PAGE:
AAA: Pets distract 1 in 5 drivers

Love your dog so much you bring Barky in the car while running errands? That love could be dangerous, AAA warns, if pets aren't restrained properly and kept in the back of the vehicle.

Nearly one in five pet owners take their hands off the steering wheel to stop dogs from scrambling into the front seat, a survey released today by AAA concluded.

Researchers found dog owners frequently abandon safety while driving with their best friends.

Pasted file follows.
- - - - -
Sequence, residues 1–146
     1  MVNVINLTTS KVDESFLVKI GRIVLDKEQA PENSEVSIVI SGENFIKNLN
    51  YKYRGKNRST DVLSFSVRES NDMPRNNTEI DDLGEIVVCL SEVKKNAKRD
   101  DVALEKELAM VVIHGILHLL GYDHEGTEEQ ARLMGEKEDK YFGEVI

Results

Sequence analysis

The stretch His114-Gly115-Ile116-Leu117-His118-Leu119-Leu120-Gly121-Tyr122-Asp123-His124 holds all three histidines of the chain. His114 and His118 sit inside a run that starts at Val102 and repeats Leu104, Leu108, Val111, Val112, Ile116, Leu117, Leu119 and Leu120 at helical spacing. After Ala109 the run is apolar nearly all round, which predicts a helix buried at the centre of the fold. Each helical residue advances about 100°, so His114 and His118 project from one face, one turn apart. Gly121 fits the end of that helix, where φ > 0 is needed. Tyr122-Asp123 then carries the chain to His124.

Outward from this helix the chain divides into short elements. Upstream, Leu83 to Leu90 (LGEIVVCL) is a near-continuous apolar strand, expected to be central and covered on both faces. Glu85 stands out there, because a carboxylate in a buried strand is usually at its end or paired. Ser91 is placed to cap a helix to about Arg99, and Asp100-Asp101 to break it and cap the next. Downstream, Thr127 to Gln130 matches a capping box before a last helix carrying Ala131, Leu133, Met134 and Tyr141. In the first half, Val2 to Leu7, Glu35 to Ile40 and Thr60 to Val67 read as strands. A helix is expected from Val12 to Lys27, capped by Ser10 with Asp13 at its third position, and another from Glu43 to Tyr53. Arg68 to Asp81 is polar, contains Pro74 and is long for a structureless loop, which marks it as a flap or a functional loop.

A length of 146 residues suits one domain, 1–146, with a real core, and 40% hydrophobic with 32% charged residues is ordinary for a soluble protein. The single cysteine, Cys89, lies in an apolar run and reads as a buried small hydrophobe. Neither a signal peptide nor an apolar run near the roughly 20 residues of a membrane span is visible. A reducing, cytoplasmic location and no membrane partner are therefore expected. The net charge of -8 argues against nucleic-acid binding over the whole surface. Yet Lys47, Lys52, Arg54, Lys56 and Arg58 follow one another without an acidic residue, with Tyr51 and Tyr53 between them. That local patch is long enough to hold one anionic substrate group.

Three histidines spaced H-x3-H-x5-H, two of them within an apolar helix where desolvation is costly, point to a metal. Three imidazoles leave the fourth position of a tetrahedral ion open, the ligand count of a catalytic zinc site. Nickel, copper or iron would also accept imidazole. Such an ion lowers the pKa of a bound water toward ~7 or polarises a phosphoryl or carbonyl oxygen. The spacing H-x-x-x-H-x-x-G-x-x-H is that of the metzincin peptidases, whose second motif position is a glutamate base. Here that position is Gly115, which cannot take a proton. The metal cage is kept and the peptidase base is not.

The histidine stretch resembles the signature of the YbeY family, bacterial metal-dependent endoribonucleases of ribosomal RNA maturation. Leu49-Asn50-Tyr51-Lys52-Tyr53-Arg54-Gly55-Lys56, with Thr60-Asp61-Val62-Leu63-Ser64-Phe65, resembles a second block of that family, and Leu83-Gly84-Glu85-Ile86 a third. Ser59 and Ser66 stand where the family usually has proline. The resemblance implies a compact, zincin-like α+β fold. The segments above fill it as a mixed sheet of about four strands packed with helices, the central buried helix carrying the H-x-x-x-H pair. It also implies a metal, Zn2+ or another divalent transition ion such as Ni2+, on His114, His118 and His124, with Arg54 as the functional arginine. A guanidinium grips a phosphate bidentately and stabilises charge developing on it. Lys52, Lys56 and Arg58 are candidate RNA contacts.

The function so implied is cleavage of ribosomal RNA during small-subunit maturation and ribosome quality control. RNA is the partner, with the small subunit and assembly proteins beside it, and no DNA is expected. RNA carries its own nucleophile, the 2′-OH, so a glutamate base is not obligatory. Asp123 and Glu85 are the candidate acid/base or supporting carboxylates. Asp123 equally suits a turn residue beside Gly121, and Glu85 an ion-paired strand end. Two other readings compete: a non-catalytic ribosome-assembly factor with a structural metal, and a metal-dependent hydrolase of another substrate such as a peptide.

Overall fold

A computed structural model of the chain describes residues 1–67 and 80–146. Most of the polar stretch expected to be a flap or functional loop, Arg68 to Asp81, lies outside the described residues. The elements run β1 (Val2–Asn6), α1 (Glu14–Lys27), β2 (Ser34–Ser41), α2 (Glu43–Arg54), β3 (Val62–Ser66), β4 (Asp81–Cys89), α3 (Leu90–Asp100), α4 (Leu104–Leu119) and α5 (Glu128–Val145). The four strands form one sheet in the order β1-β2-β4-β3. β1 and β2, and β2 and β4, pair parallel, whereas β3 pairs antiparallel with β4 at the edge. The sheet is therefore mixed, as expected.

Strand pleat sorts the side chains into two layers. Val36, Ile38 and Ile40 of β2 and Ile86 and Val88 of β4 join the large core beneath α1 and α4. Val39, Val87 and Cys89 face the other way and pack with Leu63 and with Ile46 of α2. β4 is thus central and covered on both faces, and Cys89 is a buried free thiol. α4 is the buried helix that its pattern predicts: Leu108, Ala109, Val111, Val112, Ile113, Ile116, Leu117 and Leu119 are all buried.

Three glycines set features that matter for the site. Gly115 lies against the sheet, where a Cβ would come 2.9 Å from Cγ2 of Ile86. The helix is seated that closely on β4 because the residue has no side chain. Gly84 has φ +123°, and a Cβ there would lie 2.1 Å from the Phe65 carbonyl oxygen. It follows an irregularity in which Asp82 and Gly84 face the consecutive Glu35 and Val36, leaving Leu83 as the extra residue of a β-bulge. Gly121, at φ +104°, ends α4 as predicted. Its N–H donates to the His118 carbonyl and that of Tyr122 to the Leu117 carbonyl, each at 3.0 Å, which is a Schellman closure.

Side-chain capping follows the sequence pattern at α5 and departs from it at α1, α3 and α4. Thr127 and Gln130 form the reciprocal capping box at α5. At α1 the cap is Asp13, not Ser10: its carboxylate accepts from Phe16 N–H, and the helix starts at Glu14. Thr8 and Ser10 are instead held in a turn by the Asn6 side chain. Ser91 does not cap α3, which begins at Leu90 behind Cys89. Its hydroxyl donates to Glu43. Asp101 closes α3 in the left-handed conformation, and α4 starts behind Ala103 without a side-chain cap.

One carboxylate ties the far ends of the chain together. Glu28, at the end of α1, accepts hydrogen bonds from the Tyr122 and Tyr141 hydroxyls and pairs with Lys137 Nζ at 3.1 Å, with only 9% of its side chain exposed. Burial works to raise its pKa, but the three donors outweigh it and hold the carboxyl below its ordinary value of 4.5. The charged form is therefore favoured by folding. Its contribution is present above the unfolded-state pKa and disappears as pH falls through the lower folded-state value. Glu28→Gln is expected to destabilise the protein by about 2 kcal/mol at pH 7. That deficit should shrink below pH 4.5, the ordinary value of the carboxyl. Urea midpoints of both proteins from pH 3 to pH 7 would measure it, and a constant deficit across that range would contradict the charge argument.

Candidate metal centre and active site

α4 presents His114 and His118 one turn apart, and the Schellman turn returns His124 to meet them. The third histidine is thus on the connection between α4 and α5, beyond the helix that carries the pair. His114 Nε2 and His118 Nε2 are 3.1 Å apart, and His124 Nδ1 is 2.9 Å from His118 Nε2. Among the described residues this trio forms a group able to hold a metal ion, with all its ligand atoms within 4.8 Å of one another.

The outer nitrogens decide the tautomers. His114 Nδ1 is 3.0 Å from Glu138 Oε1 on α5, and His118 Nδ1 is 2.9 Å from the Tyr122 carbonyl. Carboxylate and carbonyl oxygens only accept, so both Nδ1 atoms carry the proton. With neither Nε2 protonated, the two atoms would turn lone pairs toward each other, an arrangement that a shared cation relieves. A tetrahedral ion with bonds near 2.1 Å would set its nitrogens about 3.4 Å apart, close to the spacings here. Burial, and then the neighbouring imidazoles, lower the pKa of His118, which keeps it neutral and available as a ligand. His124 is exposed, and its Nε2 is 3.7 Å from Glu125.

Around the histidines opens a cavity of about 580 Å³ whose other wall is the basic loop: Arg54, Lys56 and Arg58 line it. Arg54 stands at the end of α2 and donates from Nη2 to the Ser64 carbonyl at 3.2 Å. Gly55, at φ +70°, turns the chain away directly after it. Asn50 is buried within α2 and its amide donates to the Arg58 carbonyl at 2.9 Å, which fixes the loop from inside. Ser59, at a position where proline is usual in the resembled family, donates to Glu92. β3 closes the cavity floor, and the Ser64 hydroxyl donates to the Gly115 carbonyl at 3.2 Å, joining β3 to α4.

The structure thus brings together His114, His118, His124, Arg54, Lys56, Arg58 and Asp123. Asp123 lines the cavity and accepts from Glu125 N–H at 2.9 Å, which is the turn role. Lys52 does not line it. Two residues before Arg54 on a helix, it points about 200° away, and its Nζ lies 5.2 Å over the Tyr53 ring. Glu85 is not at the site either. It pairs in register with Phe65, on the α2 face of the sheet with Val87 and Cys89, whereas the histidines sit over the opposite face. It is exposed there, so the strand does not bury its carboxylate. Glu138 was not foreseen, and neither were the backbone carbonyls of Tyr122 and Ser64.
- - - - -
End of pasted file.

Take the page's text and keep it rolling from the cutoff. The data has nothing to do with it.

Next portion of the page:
Dangerous practices include petting animals, restraining animals, giving treats and allowing pets to sit in the drivers' lap.

Although the Humane Society and law enforcement recommend restraining dogs in cars, the survey found only 16 percent of pet owners take such precautions.

AAA officials urged dog lovers to use a restraint every time they drive with their pet to reduce distractions and prevent injuries.

An unrestrained dog becomes a powerful projectile if a collision occurs — exerting 300 pounds of pressure in the case of a 10-pound dog in a 30 mph crash, AAA spokeswoman Beth Mosher said.

A restraint will also help if a crash occurs by keeping a panicked dog from attacking emergency responders or running away.